Angeldust Beta Impressions
Sometimes you just want to play a game where there is no set goal, one where you can freely do your thing and just be you. In Angeldust you can go on an exploring adventure, battle monsters all over the world, and set your own path. Or you can start crafting your own building, be it either in the village where you spawn, or somewhere in the world if you have the gold to spend. Angeldust allows you to set your imagination free, and do whatever you please to do, and sometimes, simple is fun.
But beware, Angeldust is simple, incredibly simple even. There is no set goal that you do, and right now there are only two actual things where you can spend your time on. The first one is very simple. From the moment you spawn into the world, you are spawned into the starting zone, or rather the village. Every player gets his own plot here, a plot that basically can be used for everything. Here you can build a house, statue, whatever you please and this is one of the set goals I had when I first started playing. But first, I decided to explore!
By exploring you will find new blocks, new animals and slowly unlock more of the game. Once you find these new blocks they will be in your inventory, a log with a hefty pile of gold that can be used to unlock weapons and more blocks. The game is all about blocks: you go out into nature, the further you run the more blocks you will find, and the shovel is your best friend in playing this game. Angeldust is simple, there isn’t really much else to it but running, then running some more, and then afterwards… you can keep running. While running you will find monsters all over the world ranging from easy to pretty tough. The further you get, the more biomes you’ll visit. These monsters do not change in appearance, except occasionally a different color or unique monster you haven’t seen yet. But killing these also grant you rewards, so you have to keep hunting them.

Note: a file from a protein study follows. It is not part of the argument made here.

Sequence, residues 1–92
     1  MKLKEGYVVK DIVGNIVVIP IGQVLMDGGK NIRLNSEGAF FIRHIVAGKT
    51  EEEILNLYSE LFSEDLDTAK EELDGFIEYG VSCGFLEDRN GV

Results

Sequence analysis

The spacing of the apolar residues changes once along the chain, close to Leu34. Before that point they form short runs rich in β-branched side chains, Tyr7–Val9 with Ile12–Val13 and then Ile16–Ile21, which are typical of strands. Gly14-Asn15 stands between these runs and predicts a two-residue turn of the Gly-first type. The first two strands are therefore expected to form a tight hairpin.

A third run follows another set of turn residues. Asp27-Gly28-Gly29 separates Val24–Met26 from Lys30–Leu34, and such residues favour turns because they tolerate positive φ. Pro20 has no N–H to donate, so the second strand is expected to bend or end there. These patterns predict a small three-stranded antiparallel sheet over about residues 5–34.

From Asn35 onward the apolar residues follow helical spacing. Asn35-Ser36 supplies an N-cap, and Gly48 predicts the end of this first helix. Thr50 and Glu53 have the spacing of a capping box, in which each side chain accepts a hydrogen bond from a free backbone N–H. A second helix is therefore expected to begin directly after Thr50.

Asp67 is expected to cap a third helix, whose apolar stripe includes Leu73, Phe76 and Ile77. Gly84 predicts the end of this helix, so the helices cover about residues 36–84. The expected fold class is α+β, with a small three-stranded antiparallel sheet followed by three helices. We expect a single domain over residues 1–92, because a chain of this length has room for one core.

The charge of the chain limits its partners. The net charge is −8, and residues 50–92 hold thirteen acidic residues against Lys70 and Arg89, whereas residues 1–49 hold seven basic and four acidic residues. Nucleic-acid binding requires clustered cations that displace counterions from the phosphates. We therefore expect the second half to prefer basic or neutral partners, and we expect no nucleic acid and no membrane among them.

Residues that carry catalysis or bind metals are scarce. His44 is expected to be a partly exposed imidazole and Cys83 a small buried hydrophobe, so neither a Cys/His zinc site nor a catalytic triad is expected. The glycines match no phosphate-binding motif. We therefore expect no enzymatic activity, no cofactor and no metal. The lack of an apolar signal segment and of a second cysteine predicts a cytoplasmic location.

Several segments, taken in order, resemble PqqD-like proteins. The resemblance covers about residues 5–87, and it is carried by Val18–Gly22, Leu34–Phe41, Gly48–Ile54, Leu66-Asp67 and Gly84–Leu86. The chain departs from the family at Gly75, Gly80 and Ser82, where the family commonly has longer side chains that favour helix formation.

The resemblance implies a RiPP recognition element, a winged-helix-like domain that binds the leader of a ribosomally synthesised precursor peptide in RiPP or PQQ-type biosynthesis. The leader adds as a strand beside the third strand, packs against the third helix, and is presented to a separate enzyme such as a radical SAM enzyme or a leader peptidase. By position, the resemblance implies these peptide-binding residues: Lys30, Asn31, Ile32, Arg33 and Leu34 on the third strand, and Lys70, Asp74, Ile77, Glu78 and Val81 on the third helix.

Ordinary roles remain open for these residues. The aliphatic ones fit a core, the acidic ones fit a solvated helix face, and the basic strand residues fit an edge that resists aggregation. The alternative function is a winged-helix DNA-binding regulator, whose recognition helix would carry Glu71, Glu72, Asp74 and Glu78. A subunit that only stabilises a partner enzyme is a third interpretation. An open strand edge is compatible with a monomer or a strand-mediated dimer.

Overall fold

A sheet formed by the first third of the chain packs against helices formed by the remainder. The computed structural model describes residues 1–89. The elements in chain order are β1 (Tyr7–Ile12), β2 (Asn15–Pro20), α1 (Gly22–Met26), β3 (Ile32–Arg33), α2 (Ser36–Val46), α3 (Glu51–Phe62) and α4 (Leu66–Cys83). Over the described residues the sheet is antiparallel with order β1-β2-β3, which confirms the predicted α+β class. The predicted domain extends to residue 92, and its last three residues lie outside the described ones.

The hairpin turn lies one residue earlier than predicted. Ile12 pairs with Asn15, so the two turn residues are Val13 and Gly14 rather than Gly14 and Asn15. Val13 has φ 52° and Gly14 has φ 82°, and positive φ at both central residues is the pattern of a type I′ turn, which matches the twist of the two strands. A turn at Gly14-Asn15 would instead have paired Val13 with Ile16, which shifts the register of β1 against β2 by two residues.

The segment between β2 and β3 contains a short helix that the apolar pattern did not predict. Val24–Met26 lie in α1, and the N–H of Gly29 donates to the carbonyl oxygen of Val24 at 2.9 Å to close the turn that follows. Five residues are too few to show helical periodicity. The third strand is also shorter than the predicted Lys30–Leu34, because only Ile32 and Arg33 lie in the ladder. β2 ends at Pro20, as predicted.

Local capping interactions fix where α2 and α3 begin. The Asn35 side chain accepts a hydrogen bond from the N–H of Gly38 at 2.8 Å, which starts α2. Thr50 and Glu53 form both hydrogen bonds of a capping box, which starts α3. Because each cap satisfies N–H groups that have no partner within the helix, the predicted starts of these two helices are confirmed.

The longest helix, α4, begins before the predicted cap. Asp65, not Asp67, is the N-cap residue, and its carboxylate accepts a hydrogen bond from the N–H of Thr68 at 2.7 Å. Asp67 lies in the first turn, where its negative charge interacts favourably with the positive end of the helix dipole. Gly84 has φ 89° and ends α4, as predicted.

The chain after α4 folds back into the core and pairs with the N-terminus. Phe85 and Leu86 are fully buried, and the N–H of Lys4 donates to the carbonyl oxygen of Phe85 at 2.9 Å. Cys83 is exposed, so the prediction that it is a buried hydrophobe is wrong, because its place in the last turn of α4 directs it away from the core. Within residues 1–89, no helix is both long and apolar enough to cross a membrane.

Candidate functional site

Around my plot, most players were also working on their homes. Since it rains quite a lot, having a roof over your head is always nice and a huge motivation to get at least a basic house set-up. Now the first plot you get isn’t as big as you can get later on, but it is a nice starting place to figure out how the crafting works. In this regard it is very similar to Minecraft in terms of placing and removing voxel blocks. Since there are a bunch of different styles of blocks, you can make your house with whatever pattern, or texture you want it to be. And by walking through the village I saw really good looking houses in all sorts of different styles. And I also saw the notorious block shaped Minecraft houses, and this game does definitely remind me a lot of it.
Except it has less; a lot less. Besides the hunting of monsters, walking endlessly into any direction without finding an actual thing, and the crafting of buildings, the game doesn’t really have anything else to keep you busy. After several hours of playing I had seen it all. I had used a bow to kill a chicken, I have used a sword to kill the same chicken except in a different color, and a staff to shoot a third colored chicken. All while walking in one direction, coming across different biomes that do not really add anything new to the game except give you different blocks to build with. The game tries to bring the community together by placing everyone next to each other in the starting zone. Sure you can group up to have an adventure together, but unfortunately this is where it basically stops, since there isn’t anything you can do besides running, endless running.
State of the Beta: Poor
The game right now is very empty. There isn’t a lot to it, but it does have an interesting concept and I can see why it appeals to people. To me, not so much. Angeldust is a great game for the younglings to find out what games are all about, what you can do with your imagination alone, and that there is danger behind the walls of the ‘village.’ In this game they will be able to find other players to talk and play with, and I think it’s a nice introduction to gaming in general. But if you are looking for a solid experience like Minecraft, where there’s more to it than just running and building silly things, then Angeldust in its current state isn’t the game for you.
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